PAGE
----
This course deals with a new group of Spanish American writers whose breakout works were published early in the twenty-first century. Topics include postnationalism, the Crack and McOndo groups, autofiction, and genre fiction (noir novels, science fiction, horror). Readings of novels and short stories by Mario Bellatín, Roberto Bolaño, Yuri Herrera, Ena Lucía Portela, Guadalupe Nettel, Pedro Mairal, Luis Negrón, Francisco Font Acevedo, Alejandro Zambra, Santiago Gamboa, Fernanda Melchor, and Mariana Enríquez. In Spanish.

PORT 960/PORT 394 World Cities and Narratives       David Jackson     M 3:30-5:20

Study of world cities and narratives that describe, belong to, or represent them. Topics range from the rise of the urban novel in European capitals to the postcolonial fictional worlds of major Portuguese, Brazilian, and Spanish American cities. Conducted in English.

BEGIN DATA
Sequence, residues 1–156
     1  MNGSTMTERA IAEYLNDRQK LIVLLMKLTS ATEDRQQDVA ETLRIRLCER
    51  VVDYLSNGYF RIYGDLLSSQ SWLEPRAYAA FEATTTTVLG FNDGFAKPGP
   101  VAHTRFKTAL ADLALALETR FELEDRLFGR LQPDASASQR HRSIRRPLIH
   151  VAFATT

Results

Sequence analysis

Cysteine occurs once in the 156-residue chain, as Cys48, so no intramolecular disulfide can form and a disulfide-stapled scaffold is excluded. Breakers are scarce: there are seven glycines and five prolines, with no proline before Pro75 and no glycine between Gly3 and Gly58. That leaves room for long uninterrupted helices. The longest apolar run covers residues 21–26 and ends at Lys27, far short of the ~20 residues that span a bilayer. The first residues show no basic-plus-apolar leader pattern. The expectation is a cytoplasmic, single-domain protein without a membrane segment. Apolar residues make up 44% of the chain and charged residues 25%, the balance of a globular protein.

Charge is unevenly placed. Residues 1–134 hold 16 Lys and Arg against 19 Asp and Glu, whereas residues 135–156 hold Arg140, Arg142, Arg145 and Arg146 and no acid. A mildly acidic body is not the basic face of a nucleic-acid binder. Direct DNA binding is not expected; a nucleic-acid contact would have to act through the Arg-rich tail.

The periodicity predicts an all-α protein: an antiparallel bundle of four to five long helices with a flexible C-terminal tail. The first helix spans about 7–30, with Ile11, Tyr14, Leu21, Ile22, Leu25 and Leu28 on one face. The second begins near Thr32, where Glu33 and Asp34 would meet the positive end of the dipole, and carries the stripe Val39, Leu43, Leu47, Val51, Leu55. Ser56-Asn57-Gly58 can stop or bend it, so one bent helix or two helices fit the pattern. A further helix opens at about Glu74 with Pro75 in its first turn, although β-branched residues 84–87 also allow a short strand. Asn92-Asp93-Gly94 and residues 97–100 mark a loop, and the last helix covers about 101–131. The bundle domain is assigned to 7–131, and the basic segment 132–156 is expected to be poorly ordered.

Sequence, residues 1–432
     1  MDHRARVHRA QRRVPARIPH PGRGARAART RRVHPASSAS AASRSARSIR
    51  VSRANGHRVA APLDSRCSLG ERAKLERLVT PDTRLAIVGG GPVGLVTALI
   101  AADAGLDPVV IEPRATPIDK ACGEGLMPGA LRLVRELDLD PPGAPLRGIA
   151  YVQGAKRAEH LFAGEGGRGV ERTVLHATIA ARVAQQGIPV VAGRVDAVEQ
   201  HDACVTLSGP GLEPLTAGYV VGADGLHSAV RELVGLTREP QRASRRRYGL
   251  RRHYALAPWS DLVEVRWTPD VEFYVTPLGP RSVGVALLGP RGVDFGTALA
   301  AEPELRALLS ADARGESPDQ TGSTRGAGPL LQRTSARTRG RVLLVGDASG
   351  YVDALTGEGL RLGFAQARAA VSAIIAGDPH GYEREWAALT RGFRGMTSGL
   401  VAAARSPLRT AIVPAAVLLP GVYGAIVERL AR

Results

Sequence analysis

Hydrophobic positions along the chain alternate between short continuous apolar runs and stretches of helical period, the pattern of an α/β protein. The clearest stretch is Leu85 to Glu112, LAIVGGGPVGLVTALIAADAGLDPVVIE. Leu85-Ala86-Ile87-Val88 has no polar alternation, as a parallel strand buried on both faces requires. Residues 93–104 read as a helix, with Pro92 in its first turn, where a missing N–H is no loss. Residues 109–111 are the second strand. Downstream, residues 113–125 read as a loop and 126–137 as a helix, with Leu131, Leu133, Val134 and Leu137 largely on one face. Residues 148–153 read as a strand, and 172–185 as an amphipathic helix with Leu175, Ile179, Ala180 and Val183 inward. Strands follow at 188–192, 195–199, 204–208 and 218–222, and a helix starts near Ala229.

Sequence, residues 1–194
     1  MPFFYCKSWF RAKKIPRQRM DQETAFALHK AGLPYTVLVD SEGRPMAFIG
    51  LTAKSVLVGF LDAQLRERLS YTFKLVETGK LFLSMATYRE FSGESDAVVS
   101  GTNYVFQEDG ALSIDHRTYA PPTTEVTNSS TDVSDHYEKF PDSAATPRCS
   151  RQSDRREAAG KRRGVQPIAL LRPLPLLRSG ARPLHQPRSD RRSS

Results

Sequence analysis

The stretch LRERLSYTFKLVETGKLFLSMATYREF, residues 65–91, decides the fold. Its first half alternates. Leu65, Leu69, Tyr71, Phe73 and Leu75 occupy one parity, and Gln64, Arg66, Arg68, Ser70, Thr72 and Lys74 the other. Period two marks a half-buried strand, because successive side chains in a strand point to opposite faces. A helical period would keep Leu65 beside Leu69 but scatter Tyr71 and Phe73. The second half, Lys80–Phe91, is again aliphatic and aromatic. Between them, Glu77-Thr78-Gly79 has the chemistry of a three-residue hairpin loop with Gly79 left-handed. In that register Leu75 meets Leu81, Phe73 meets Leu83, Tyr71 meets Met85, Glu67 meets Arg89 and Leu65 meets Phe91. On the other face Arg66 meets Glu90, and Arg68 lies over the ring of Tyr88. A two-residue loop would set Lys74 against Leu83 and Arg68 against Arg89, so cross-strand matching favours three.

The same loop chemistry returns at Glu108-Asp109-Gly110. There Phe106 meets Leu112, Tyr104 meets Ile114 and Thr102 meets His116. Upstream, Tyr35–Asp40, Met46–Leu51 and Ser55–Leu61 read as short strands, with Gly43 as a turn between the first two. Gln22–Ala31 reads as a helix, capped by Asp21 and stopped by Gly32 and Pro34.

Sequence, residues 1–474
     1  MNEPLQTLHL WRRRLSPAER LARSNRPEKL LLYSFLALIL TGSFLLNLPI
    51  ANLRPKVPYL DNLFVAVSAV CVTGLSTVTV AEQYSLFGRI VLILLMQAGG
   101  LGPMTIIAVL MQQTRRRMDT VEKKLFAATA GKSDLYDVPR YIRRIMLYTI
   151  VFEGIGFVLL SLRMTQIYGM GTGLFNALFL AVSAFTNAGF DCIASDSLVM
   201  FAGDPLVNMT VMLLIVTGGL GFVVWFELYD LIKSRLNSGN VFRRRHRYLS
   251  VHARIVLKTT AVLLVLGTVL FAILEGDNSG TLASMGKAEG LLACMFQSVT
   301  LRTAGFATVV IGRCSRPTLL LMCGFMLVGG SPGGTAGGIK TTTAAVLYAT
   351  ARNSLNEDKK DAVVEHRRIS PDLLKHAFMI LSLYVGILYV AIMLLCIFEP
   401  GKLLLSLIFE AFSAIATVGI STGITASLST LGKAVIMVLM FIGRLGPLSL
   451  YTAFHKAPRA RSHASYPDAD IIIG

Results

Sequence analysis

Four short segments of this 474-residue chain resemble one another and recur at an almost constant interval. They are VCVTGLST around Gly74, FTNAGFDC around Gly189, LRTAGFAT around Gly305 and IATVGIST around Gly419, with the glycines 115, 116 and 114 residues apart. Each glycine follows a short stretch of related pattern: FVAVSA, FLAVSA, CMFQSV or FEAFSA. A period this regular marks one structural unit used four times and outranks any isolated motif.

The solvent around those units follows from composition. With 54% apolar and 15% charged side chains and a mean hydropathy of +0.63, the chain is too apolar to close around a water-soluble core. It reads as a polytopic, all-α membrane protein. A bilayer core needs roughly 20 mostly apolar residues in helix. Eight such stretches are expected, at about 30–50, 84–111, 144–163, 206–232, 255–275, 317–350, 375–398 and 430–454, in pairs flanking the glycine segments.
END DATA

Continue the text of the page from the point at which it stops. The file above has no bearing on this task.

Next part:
PORT 967 Machade de Assis: Major Novels              David Jackson     T 3:30-5:20

A study of the last five novels of Machado de Assis, featuring the author’s world and stage of Rio de Janeiro, along with his irony and skepticism, satire, wit, narrative concision, social critiques, and encyclopedic assimilation of world literature.

SPAN 980 The Doctoral and Professional Workshop       DGS      Times & Locations Vary

A yearlong workshop designed for professional development. The subject matter varies from term to term, and from year to year. Students must attend at least three complete Modules throughout the year. Graded Satisfactory/Unsatisfactory only; open to all students. Details and schedule are available at